Philly Is Outpacing New York in Job Growth, Says CBRE

New jobs are sprouting up in the city at rates we haven’t seen since at least the early ’90s.

Photo illustration by Joe Trinacria.

Philadelphia is growing jobs at a faster pace than New York for the first time in at least 25 years, according to data compiled by the regional chapter of global commercial real estate firm CBRE.

A report released by the company says that while Philly’s growth was particularly sluggish following the Great Recession, we have since rebounded over the past two years, and thanks to changing trends we’re “displaying some of the best performance in nearly 20 years.” Sounds like things are looking up.

Total nonfarm employment growth. *Year-over-year change in annual avg of not seasonally adjusted data. (Source: U.S. B.L.S.)

So what’s been the driving force behind all of this? The “eds and meds” sector is leading the way, with government statistics showing that 27,100 jobs were created in both the educational and health services fields over the past year through March.

Additionally jobs in transportation and warehousing are growing at their fastest pace in more than a decade, which in turn has established a healthy market for logistics and industrial space in Philadelphia.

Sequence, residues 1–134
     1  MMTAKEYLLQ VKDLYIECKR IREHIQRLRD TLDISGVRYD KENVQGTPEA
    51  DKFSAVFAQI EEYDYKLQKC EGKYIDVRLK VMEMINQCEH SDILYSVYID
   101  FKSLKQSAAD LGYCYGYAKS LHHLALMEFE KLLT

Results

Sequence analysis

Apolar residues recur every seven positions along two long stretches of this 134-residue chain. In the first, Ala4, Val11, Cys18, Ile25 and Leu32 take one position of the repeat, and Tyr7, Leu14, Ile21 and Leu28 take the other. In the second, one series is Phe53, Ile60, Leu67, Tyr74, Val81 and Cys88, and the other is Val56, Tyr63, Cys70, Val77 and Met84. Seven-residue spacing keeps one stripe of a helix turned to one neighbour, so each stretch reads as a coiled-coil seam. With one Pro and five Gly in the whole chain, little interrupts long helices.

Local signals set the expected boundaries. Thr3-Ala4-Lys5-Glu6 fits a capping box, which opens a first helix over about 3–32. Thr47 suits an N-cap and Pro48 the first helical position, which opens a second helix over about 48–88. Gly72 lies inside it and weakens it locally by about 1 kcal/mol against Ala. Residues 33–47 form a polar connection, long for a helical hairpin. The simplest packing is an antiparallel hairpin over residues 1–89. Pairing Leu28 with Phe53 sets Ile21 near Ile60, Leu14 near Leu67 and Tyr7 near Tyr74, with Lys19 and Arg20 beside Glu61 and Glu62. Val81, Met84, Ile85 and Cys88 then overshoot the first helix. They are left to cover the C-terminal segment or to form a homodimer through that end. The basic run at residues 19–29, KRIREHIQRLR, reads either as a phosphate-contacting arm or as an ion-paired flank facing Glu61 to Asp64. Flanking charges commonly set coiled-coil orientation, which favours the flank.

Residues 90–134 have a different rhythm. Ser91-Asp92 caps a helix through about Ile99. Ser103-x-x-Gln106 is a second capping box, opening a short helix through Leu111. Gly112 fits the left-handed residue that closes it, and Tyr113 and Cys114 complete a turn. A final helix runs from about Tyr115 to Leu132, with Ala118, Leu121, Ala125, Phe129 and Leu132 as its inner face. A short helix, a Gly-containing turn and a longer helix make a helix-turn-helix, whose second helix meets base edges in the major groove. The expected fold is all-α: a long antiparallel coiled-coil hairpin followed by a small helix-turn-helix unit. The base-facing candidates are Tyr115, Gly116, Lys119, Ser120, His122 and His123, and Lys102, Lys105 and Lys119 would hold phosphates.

Year-over-Year Change in Education & Health Services Employment. (Source: U.S. B.L.S.) reports that payrolls expanded here by an annual average of 2.8 percent between March 2016 and March 2017, while payrolls in the five boroughs of New York City grew by just 1.8 percent over that same span. (Of course, given its size, the Big Apple did create more total jobs than we did, with its 1.8 percent accounting for 75,900 new positions while Philly’s 2.8 percent increase generated 19,200.)

The ’burbs keep churning out new jobs as well, with Philly’s four suburban counties matching their highest growth rate since their last expansion in 2006. South Jersey is second in the region for job creation behind the Philadelphia, while northern Delaware’s momentum has fallen off as of late.

“There’s clearly optimism,” Adam Ozimek, a senior economist at Moody’s Analytics in West Chester, told the Inquirer. “It’s a very exciting time to be watching the Philadelphia economy, that’s for sure. It feels like there’s a possibility that Philadelphia could be like one of those mega-cities.”

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